Other Skin Features

Telangiectasia occurs when dilated cutaneous capillaries and blood vessels appear as red lesions on the skin, commonly on the hands, face, and mucosal surfaces and sometimes the trunk.1,2

Subcutaneous or intracutaneous calcinosis is seen in 20% to 40% of patients with SSc, caused by the accumulation of calcium hydroxyapatite deposits. The calcium deposits occur mainly on areas subjected to pressure or trauma, such as the extensor surfaces of the elbows or knees and finger pads. These deposits can cause skin ulceration or become infected.1,2

Another skin feature of SSc is a “salt-and-pepper-like” appearance, in which areas of depigmentation or hypopigmentation are surrounded by normally pigmented skin.1

Read more about SSc signs and symptoms

Musculoskeletal Features

Common musculoskeletal features range from nonspecific myalgia and arthralgia to overt myositis and arthritis.1,5

Involvement of Joints

Affected joints, usually the metacarpophalangeal, interphalangeal, wrist, ankle, and knee joints, become painful, stiff, swollen, and deformed. The ensuing restriction of joint mobility results in disability. Rapidly progressive fibrosis involving the skin, muscles, joints, and tendons causes joint contractures (in the fingers or elbows), resulting in pain and stiffness, and prevents normal movement.1,5

Involvement of Tendons

Tendon involvement is most commonly seen as tenosynovitis and tendon friction rubs, which are caused by inflammation, swelling (edema), and fibrosis of the tendon sheath.1,5


Involvement of the muscle in patients with SSc causes myopathy, which leads to muscle pain, weakness, and sarcopenia. Myopathy may be caused by inflammation or fibrosis.1,5

Inflammatory Myopathy 

Inflammatory myopathy (myositis) involves chronic muscle inflammation, progressive weakness of the proximal muscle, reduced muscle strength, and elevated muscle enzymes.1,5

Fibrosing Myopathy

Fibrosing myopathy occurs in patients with more severe disease. It is caused by fibrosis of the muscle, usually without inflammation.1,5

Involvement of Bones

Bone changes include acro-osteolysis (osteolysis of the distal phalanges of the hands and feet), erosive deformation of the distal interphalangeal joints, and intraosseous calcium deposition. Patients with SSc are at increased risk for osteoporosis.5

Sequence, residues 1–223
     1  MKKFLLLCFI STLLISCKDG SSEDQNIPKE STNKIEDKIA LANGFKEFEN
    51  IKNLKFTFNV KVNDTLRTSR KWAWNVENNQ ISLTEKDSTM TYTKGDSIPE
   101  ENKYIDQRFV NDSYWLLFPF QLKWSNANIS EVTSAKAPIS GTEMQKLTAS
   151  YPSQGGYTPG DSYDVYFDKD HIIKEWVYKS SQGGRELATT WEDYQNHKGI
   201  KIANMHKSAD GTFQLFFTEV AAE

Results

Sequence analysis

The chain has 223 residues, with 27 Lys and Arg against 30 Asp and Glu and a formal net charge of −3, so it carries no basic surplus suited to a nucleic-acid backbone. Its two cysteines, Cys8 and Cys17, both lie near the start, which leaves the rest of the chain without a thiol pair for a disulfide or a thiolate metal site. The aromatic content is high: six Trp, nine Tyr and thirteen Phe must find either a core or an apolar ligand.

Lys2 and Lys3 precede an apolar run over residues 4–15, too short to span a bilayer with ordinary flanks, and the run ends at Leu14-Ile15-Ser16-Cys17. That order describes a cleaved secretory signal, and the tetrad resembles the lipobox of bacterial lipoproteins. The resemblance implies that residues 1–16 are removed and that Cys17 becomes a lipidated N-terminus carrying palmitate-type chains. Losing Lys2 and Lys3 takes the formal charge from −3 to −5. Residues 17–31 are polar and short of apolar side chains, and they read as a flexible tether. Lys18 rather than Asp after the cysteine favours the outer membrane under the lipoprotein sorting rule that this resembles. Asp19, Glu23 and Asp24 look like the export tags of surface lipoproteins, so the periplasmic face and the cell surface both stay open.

Read more about SSc treatment

Gastrointestinal Features

Gastrointestinal (GI) involvement, which occurs in 90% of patients with SSc, may range from mild to serious. Any area of the GI tract, from mouth to anus, can be affected.1,3,5

Oropharyngeal Features

Involvement of the oropharyngeal area includes skin tightening around the mouth, periodontitis, microstomia, xerostomia, and gingivitis. The symptoms can vary from mild to severe. Patients may also suffer from fibrosis of salivary glands, or inflammatory infiltrate, secondary to Sjögren syndrome.1,5

Esophageal Features

The most commonly affected part of the GI tract is the esophagus, where fibrosis causes esophageal dysmotility associated with heartburn and dysphagia. In addition, hypotonia of the lower esophageal sphincter prevents its normal closure, worsening reflux symptoms. Other symptoms of esophageal involvement are painful swallowing, regurgitation, and chronic cough or hoarseness.1,3,5

Gastric Features

Gastric involvement can take the form of gastroparesis, which can lead to premature satiety, nausea, bloating, vomiting, and anorexia. This condition can also cause nutritional deficiencies and loss in weight. Gastric mucosal telangiectasia can cause gastric antral vascular ectasia (GAVE, or “watermelon stomach”), which in turn causes occult or heavy GI bleeding.1,5

Intestinal Features

Fibrosis in the intestine can cause intestinal dysmotility, with pain, bloating, overgrowth of intestinal bacteria, malabsorption, diarrhea, constipation, fecal incontinence, pseudo-obstruction, and later abdominal distension.1